Elon Musk, the often memed multi-billionaire responsible for Tesla and SpaceX, joined Rick and Morty creative, Justin Roiland, in laughing at dead memes and animals in an appearance on the channel of YouTube’s largest, and least favorite content creator, PewDiePie (Felix Kjellberg), on Friday.
If it seems strange that this is news, or that it happened at all, allow me to explain what makes this so interesting to the “kids these days” and Forbes alike.
PewDiePie, who rose to fame several years ago as a gaming YouTuber, has been constantly in the spotlight for several controversies almost entirely attributable to his edgy humor for the last several years.
Predictably, Kjellberg’s taste for offensive humor made him the target of outlets suspect of free speech. What may be surprising to some is that PewDiePie videos often overtly feature political topics or personalities associated with conservatism and or the “intellectual dark web.” Kjellberg has promoted Jordan Peterson’s work repeatedly, come out against intellectual property legislation in the European Union, and has even featured Ben Shapero on Meme Review as a guest host.
That’s where Roiland and Musk enter the picture.
Roiland writes for the television series “Rick and Morty,” a show famous for its wit and irreverence, and there is probably a large intersection between his and Kjellberg’s audiences. Musk, on the other hand, is not an entertainer but an entrepreneur invested in new tech: electric automobiles, space exploration, and high-speed rail. Although Musk’s presence is less understandable than Roiland’s on the surface, but for those who follow Musk on Twitter it may not be so confusing.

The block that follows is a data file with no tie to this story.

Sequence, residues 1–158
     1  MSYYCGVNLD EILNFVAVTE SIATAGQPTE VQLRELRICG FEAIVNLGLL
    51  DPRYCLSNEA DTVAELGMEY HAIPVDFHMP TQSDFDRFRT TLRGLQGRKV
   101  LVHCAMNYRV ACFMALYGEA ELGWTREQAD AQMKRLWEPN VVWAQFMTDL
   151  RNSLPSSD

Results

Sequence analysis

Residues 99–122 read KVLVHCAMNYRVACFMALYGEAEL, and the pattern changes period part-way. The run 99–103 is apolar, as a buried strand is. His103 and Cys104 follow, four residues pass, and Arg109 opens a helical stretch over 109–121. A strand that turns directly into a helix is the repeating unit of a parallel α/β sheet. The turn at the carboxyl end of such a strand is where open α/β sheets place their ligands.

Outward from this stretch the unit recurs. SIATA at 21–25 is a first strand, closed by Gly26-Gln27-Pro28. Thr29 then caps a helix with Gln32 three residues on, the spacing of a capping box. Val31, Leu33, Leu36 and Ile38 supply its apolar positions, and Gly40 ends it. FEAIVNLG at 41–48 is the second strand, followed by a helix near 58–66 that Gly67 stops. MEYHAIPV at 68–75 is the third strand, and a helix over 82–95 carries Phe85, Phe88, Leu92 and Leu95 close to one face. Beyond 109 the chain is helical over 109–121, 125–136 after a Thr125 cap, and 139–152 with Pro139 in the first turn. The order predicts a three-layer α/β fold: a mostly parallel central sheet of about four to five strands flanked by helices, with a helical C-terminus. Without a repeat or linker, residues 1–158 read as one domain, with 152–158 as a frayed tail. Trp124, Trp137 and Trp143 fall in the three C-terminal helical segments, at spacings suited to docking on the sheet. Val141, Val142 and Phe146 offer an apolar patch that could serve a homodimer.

Musk, like Kjellberg, has had a difficult relationship with the media. From Twitter fights with scuba divers to scraps with the Securities and Exchange Commission, Elon has been a media pariah for most of a year.
After an episode of Meme Review featuring a fan request for Musk to host the show, Musk sent this Tweet:
“The last year particularly has been meme city,” Musk said in Friday’s video.
Although originally teased by fans as a joke, the appearance of the two guest hosts on PewDiePie’s show “meme review” comes at a crucial time for Kjellberg’s channel. PewDiePie has been the biggest channel on YouTube by number of subscribers since August 2013 and that title has only recently been challenged.
“T Series,” an Indian music label, started to get media attention in America last November when it seemed the label’s YouTube channel was on track to outpace PewDiePie in subscribers. Thanks to a widespread cultural movement by YouTube creators and viewers, PewDiePie has remained consistently ahead of T Series in subscriber count. Each have gained a staggering 23 million subscribers in that time. Mere hours before Friday’s meme review was released, T Series managed to narrowly surpass the YouTuber by coming within one, (yes, 1) subscriber of tying him and his two-man editorial team. At the time of writing the gap sits at 129,701 in favor of PewDiePie.
This video shows the battle over the course of 4 months:
As the advertising market continues to shift towards investment in new rather than old media, online publications, notably, Forbes, The Washinton Post, The Wall Street Journol, The Guardian, The Verge, Buzzfeed, along with others, have seized on every opportunity to paint Kjellberg as the face of YouTube’s advertising woes. The WSJ notably was caught mischaracterizing portions of Kjellberg’s skits to make him appear anti-semitic, last year.
[The author would like to note that many of the sources here cited express extreme prejudice against Musk and or Kjellberg. The author would also like to express that he is a nine-year-old and that you should subscribe to PewDiePie]